Here are some conversation techniques that help us to effectively communicate with others. Some may think these are tricks, but they are techniques commonly used by everyone. They are used in everyday conversation and there's no shame in using them. The difference here is that they are typed out.
These conversation techniques are taught to salesmen, and executives, and are not designed for people who try to use them to take advantage of others. I promise they work and will make you much stronger in communicating with others. They will also help you to see and to know the humanity in other people.
- The thing that most people want to hear in a conversation is their own voice. You can use this to your advantage by asking opinion type questions. Leave the other person a way to elaborate. After you ask, shut up and listen. If you keep talking, and do not allow the other party to answer, you will be seen as rude.
- Ask open-ended questions. They can make you a hero. An example: "How do you feel about ....?, What is your thinking on ....?, Do you believe that ....?. These are questions that can't be answered with a "yes" or a "no".
- Be direct and look the other person in the eye while you talk. Avoiding eye contact may cause what you say to be taken as untruthful.
- Recount or reflect what the other person says. When you reflect, you take part of what the other person said, and repeat it with the "do you mean ...?", or the "are you saying ....?" in front of it. Things like "Oh?", "Really?", and "You don't say" also make someone elaborate on what they have said, but are not reflective. Don't say "Oh, really"? that infers that you don't believe the speaker and it requires him to try to convince you. Of course, that's okay, if that is your intent.
- Listen for concepts and don't concentrate on facts. Facts are there to back up the concepts. Ask yourself "What is this person telling me"? I went to college years ago and because no one ever told me this, I made lots of totally useless notes with all sorts of facts. To practice this, listen to speeches and you may find that the speaker had no concepts at all!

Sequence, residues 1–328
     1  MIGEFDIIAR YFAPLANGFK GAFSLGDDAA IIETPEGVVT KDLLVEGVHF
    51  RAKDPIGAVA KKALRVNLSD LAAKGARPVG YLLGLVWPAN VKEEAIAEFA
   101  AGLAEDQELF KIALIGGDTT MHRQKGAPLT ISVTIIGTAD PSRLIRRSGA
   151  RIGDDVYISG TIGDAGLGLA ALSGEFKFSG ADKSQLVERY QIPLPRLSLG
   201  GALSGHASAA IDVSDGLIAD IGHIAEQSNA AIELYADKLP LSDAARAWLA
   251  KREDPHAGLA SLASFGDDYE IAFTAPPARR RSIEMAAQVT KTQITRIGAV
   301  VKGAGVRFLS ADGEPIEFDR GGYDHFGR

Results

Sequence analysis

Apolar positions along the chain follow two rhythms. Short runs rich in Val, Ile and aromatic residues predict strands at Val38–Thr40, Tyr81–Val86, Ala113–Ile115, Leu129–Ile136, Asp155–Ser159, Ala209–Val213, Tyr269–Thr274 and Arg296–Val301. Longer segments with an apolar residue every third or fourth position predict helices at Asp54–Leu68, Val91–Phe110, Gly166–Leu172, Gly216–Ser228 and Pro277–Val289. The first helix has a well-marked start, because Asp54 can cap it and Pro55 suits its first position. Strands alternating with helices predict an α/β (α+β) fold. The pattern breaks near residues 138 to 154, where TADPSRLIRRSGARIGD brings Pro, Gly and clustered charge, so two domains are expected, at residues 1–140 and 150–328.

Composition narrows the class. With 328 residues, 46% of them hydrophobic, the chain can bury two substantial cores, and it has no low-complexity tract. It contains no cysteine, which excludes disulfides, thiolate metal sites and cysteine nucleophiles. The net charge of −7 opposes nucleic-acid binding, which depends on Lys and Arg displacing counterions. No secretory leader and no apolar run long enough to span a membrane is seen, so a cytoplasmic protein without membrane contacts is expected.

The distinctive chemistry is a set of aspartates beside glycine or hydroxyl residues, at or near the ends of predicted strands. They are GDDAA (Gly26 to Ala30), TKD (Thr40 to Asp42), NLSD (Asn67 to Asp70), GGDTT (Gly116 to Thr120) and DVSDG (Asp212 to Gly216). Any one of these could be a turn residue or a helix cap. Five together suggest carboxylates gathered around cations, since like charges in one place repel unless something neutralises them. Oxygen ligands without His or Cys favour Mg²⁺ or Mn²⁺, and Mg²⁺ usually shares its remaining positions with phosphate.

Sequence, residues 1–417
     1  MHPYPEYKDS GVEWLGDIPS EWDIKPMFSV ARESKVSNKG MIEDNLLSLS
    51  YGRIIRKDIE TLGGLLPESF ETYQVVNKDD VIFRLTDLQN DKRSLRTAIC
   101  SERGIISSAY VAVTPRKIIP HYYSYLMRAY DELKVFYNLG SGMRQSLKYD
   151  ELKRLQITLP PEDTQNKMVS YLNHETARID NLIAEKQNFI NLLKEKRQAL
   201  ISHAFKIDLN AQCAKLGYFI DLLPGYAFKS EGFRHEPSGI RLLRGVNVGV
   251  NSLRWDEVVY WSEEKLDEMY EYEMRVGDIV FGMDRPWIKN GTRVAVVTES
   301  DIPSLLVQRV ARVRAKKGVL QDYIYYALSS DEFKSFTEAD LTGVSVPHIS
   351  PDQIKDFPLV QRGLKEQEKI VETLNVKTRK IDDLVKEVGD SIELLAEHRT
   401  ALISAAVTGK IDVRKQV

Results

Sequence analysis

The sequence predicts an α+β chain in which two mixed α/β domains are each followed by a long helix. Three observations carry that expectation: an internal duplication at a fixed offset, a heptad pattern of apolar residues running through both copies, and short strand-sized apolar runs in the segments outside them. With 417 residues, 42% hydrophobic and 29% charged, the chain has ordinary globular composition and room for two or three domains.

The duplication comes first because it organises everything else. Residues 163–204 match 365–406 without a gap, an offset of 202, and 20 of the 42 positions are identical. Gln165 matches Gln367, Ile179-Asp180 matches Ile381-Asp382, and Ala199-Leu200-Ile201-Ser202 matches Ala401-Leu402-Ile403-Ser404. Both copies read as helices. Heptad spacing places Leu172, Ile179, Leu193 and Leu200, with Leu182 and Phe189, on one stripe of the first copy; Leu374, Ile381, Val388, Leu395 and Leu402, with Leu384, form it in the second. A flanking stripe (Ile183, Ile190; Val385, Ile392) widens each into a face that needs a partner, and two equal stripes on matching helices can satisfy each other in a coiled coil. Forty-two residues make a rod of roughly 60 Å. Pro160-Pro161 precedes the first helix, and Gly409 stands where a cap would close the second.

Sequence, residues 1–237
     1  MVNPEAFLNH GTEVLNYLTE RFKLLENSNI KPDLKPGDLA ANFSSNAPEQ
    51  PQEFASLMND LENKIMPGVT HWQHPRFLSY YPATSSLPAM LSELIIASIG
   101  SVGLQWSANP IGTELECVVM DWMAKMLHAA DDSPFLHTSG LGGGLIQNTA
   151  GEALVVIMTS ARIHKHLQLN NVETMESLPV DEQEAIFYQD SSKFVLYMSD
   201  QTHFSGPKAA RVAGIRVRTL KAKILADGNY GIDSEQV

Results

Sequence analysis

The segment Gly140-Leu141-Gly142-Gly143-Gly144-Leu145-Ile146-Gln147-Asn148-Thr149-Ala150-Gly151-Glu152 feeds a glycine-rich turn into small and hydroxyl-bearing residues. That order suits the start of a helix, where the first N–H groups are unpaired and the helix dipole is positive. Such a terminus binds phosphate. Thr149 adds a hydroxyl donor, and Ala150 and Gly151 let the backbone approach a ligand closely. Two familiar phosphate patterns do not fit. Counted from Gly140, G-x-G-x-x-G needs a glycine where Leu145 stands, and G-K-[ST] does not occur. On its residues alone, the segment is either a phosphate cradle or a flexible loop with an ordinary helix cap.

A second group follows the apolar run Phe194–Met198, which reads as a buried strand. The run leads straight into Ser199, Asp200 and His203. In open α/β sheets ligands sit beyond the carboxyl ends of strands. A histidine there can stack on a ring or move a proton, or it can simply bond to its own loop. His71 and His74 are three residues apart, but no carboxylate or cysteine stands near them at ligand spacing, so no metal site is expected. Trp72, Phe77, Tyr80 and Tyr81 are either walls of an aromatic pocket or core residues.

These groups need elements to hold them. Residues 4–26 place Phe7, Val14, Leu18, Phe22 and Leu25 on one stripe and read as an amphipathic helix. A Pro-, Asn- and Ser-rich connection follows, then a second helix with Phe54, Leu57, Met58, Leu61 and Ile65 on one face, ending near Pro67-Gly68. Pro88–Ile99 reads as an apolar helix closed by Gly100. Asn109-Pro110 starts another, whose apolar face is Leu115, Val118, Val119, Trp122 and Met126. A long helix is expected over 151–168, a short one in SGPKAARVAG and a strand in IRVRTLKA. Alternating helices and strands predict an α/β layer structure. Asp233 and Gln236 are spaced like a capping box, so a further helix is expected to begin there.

- Try to use your thought speed to mentally recap what is being said. You think more than 4-times faster than a speaker will be speaking. Don't waste that thought speed on anything else.
- Know that whatever you say, the facts are that after a conversation, the listener will only retain something like 50% of it. And after 48-hours, he will have retained only 25% of what he heard. Also note that because the backgrounds (histories) are not the same from speaker-to-listener, we cannot get 100% of the information transferred between two people. There is always a big loss.
- Pauses in conversation usually will cause the other person to speak. They will do so because the other person feels awkward and unnatural if you stop saying anything. This technique will cause the person to expand on what he has said or sometimes to recant or rephrase his statement. This is a very powerful tool of conversation. And, if you are in control of the conversation, you can make the pause as long as is necessary. You will also see when someone is using pauses on you.
- Conversational skills can be gauged by how you read the body language of the other person. While you listen to them, watch them. Sometimes they say one thing and really are feeling something quite different. It takes a lot of practice to be good at this. Look for the topics "body language" and "nonverbal communication" to learn more about them.
Try some of these things, and watch people open up to you. Wow, instant conversational expert! I hope that these things will get you started in a direction to be more comfortable when you talk with other people. These things work. I have firsthand knowledge that they do. I have used them and taught them in communication classes. If you are not American, there may be some differences in your native language or customs.
I would suggest that you print these for future reference. Now, is that guy conceited or what?